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Reviews

"In The Ruler's House, Harriet Fertik addresses a puzzle central to Roman political thought—how the Romans navigated the profound transformations produced by one-man rule—in an original way with a focus on the household as a site of conflict and anxiety over power, privacy, and status. Fertik's study is a valuable contribution to cross-disciplinary studies of Roman political and social thought."

"From the imperial family's lofty struggles for dominance to the lowly maintenance of bodily functions within domestic space, Fertik surveys multiple and surprising ways the house—its members, its functions, its architecture—channeled power in the early Roman Empire. Compelling and accessible, The Ruler's House examines competing drives to display and privacy that continue to resonate today."

"The Ruler's House engagingly combines two areas of scholarly study that have, individually, received considerable attention in recent decades: the Roman domus/familia and Augustan/Julio-Claudian ideology. Fertik expands our understanding of the emperors' use of traditionally private aspects of Roman culture to further their public political ambitions in this formative period of the Empire. Analyzing archaeological material from Rome and Pompeii, literary sources, and contemporary scholarly commentary, this ambitious book casts a broad net in order to offer new insights into both subject areas and achieves a satisfying depth. The end result is a new, singular perspective on the Roman political philosophy of visibility in the public/private spheres of the early imperial period."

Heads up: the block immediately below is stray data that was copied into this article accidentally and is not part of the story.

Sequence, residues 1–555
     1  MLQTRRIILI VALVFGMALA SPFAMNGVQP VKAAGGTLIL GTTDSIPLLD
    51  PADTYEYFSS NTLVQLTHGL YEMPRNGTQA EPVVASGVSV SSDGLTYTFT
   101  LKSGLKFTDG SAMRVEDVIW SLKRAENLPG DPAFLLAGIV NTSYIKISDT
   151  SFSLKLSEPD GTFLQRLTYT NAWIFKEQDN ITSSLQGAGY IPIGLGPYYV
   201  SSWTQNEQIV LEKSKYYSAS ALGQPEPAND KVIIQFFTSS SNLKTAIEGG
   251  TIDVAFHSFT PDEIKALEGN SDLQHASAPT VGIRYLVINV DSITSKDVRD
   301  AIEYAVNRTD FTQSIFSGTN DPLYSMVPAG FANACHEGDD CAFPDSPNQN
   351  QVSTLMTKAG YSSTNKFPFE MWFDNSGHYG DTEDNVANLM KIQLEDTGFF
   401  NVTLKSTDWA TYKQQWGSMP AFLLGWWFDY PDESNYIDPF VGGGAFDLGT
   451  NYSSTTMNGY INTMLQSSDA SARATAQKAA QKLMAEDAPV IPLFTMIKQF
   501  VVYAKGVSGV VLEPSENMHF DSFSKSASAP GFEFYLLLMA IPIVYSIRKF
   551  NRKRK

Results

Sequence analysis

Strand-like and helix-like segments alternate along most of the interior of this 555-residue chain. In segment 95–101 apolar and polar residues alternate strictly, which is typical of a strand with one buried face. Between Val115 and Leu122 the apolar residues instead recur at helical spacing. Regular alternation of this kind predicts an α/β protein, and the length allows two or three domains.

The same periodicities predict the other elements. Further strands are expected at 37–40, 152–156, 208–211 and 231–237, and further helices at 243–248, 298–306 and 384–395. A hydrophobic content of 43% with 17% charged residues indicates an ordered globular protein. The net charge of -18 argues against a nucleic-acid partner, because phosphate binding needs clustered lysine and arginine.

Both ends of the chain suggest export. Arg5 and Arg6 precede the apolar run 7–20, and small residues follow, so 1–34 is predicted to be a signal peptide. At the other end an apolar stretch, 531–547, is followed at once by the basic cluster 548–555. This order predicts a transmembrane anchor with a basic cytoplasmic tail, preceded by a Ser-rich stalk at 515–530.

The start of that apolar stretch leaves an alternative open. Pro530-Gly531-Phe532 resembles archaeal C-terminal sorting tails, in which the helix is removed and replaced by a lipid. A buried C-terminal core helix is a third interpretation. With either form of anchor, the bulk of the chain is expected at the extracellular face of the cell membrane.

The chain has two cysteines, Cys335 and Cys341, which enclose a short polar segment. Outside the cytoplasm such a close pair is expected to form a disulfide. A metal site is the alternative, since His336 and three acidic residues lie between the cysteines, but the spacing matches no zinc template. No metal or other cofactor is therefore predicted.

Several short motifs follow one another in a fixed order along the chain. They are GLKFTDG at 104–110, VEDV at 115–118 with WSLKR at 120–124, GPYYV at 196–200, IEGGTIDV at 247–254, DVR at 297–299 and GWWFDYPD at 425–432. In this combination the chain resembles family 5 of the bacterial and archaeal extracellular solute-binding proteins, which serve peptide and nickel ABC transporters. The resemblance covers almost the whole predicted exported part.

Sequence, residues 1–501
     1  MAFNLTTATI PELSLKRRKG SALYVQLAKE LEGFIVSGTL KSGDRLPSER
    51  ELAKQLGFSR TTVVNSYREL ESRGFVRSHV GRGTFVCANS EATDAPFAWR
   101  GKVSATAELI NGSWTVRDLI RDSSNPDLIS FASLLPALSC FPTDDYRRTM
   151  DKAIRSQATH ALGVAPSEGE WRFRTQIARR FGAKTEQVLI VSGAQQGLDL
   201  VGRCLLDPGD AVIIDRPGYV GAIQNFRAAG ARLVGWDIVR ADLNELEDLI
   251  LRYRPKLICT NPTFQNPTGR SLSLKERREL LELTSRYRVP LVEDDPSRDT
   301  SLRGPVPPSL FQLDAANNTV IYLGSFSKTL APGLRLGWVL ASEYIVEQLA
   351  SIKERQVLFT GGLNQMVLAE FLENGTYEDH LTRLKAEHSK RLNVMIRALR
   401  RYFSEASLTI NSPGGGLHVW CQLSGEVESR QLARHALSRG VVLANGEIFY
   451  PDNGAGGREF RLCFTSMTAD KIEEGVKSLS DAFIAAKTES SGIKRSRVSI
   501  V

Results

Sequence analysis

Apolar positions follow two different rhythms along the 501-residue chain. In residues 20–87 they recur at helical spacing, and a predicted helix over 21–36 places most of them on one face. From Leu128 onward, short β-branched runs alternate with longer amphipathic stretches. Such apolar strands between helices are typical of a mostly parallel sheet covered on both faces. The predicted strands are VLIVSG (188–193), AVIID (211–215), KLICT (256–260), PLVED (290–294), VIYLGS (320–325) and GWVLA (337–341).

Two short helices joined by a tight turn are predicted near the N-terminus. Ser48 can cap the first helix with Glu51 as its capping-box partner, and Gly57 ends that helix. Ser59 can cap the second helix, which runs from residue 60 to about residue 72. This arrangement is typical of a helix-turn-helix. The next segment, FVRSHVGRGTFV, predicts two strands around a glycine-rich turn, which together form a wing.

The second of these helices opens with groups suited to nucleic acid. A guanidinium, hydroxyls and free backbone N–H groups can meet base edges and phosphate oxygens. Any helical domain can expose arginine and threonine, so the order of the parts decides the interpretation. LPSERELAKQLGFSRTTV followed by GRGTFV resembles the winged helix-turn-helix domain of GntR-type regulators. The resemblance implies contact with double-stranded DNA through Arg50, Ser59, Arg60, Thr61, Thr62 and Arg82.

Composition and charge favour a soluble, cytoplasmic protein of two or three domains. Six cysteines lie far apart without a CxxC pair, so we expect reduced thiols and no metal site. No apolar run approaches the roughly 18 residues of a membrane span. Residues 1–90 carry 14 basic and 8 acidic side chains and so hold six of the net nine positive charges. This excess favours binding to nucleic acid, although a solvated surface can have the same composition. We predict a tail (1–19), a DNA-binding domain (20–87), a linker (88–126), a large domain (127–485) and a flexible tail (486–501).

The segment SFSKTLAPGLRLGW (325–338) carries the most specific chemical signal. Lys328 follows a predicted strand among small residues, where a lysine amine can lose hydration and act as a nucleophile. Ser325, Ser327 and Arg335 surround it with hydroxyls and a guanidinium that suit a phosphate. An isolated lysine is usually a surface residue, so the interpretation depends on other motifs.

"The Ruler's House provides a valuable and well-documented account of how domestic space functioned as a locus of power and vulnerability during the early Roman Empire. Fertik engages with an impressive range of literature and material culture to demonstrate how Romans of varying degrees of wealth and power negotiated the seemingly dichotomous realms of public and private, ruler and ruled, and seeing and being seen within their own households as well as within that of the imperial family."

"This book is an excellent contribution to, and continuation of, the interdisciplinary study of early imperial politics. Fertik deftly weaves together analyses of material culture and different genres of literary texts to explore what the rise of one-man rule did to conceptions of privacy and authority. By setting the actual physical environment of the Roman house next to metaphorical and artistic representations of it, Fertik gives us insight into the ways that early imperial Romans both created and were created by 'public' expressions of 'private' life."